Its GOTTA BE TOUGH DECIDING WHICH FEATURES to put into a wireless speaker. Pick Apple AirPlay and you alienate Android fans. Omit AirPlay and you alienate Apple fans. Include only Bluetooth and you alienate audio aficionados. Wren Sound has a better idea: Give the people whatever they want.
Wren offers its V5 wireless speaker with your choice of AirPlay or Play-Fi, the platform-agnostic wireless standard licensed by DTS. (A Bluetooth version of the V5 is planned.) The company also offers an exchange program during the V5s warranty period: If within the next 3 years you dump the dinky iPhone for a nice big phablet, or vice versa, you can get a new V5 in a different wireless format for $99. It might be your safes t buy in a high- quality wireless system.
The V5 is also one of the most stylish buys in a wireless system. Veneered in real bamboo or rosewood, it exudes a retro Danish Modern vibe. It almost seems like the V5 should come with a free bottle of Early Times and a meerschaum pipe. The only controls on hand are for volume, power, and input select. Inside are stereo two-way speakers, each with a separate woofer and tweeter.
Eager to try Play-Fi, I chose the Play-Fi-equipped V5PF.To use it, I had to download Wrens Play-Fi Android app, then go through a simple setup process. It was as easy as configuring a Sonos wireless system, maybe easier. All I had to do was enter my Wi-Fi password into the app, then assign the V5PF to a room in my case, Living Room.
Play-Fi then presented me with a screen of listening options. The Music button brought up a menu of music currently available on my network.
The Media Server button accesses music from media servers connected to your network. The Internet Radio button calls up a menu of countless stations and podcasts. The More Music button lets you activate Pandora, QQ Music (available only in mainland China), and KKBOX (an Asian music service).
While Play-Fi works fine, the app seems to be in its infancy. For example, the onscreen volume control is right next to the Return button on the bot-tom of my phone, such that missing Return by a few millimeters brings the unit suddenly to full volume. The app also inserts unnecessary extra space between tunes. The streaming services cant match the 20 now offered on Sonos devices, and the radio player isnt as friendly as, say, TuneIn Radio: It has no metadata display to show what radio program is currently playing on each station.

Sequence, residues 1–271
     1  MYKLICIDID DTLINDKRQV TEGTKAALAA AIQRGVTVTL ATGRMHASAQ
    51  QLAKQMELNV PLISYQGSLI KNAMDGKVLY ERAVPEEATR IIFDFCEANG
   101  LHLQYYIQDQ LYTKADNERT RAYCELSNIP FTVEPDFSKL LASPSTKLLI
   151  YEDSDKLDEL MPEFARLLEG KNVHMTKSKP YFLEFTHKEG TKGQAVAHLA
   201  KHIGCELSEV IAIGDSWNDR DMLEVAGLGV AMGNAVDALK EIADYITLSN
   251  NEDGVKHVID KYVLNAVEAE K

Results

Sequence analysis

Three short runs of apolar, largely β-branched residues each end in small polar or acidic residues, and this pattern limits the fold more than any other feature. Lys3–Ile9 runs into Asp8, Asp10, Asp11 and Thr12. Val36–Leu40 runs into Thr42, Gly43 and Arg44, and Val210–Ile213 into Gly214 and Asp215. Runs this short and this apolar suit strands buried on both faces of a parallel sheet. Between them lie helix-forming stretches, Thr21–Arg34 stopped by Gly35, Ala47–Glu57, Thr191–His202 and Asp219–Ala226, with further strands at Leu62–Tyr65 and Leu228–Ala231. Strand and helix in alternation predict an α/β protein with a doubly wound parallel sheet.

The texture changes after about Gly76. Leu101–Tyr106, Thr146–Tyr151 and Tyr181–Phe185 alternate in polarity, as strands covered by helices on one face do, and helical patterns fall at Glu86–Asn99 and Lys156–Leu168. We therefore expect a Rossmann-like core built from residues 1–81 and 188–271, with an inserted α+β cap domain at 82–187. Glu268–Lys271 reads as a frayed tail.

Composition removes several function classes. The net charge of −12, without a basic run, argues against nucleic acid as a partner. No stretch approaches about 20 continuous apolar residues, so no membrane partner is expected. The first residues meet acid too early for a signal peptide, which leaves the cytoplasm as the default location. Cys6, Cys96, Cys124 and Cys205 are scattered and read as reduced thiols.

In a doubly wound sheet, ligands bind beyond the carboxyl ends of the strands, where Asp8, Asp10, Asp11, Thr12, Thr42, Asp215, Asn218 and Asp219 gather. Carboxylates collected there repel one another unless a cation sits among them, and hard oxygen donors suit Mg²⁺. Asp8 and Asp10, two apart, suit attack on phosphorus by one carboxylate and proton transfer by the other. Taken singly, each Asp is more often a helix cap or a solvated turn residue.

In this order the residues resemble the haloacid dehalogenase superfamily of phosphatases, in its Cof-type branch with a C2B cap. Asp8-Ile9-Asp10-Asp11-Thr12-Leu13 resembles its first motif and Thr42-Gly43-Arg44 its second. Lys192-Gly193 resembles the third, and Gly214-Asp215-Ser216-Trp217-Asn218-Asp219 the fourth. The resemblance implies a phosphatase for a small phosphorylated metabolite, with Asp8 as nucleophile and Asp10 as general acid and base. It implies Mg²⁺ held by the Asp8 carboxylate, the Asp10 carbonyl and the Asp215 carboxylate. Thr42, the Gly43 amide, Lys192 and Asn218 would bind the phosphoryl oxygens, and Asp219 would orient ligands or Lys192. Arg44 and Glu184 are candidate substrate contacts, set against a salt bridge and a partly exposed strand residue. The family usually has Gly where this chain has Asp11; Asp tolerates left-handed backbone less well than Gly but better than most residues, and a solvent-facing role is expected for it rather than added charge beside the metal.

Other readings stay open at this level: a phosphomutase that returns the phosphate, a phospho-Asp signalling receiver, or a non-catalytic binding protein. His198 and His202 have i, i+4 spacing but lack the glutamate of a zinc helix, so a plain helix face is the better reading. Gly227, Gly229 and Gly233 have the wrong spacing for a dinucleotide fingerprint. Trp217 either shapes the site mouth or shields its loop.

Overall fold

Still, the app and the V5PF respond quickly and reliably, and operation is intuitive. Plus, like Airplay, Play-Fi doesnt apply lossy compression to audio signals, so it has the advantage that it doesnt degrade sound quality as Bluetooth does. (Although also like Airplay, it requires a Wi-Fi network to work.) Lets hope future updates improve the apps ergonomics.
Often when I test compact audio systems, I immediately play some hard-rock faves and turn the volume all the way up jus t to see what the thing can do much as a car reviewer might take a new 2+2 right out onto the track rather than wasting time puttering around the neighborhood.
As I unleashed the Cults Electric, I heard right away that the V5PF cranks. You can expect a good, clean 90 d В at a customary listening distance of 2 meters, loud enough to drown out conversation and bug the people in the apartment next door. The pumping bass line and pounding kick drum on Electric Ocean sounded full and tight, and the vocals and guitars sounded undistorted and largely uncolored even at full volume. I did notice that the mid- and upper treble sizzled a bit, which made a high-pitched instrument like a hi-hat sound a little harsh.
The emphasized treble didnt affect Cult vocalist Ian Astburys howling tenor, but I wondered if it would show up on female vocals. So I switched to Cme Catchor, from Cape Verdean singer Fantchas Criolinha. Not only did her voice sound smooth, but the V5PF exploded (literally, not figuratively) with bass. I felt the tunes insistent bass line vibrating the top of my laptop computer and heard it rattling stuff in my den. The Speedy Spectrum Analyzer app on my Samsung showed me I was getting strong output down to 70 Hz.
Jazz favorites had me wanting to reach for that proverbial meerschaum pipe and spend the whole night listening. Brother Hubbard from Kenny Garretts Songbook sounded great: solid bass, clear piano, Garretts edgy yet refined alto sax, and snappy snare and ride cymbal. What was missing? Bigger sound. With closely spaced drivers and no ambience enhancement, the V5PF is for all practical purposes a mono device.
+ (2) 3-in midrange/woofers, (2) 0.75-in tweeters
+ 2 x 25 watts per channel
+ Available with Play-Fi, AirPlay, or (soon) Bluetooth wireless
+ 3.5mm analog audio input
+ 6.125×4.25×16.625 in; 6.6 lb
The Wren Sound V5PF looks like something from the past, but its more like the system of the future: a good-sounding, versatile, wireless audio rig that delivers almost infinite entertainment options.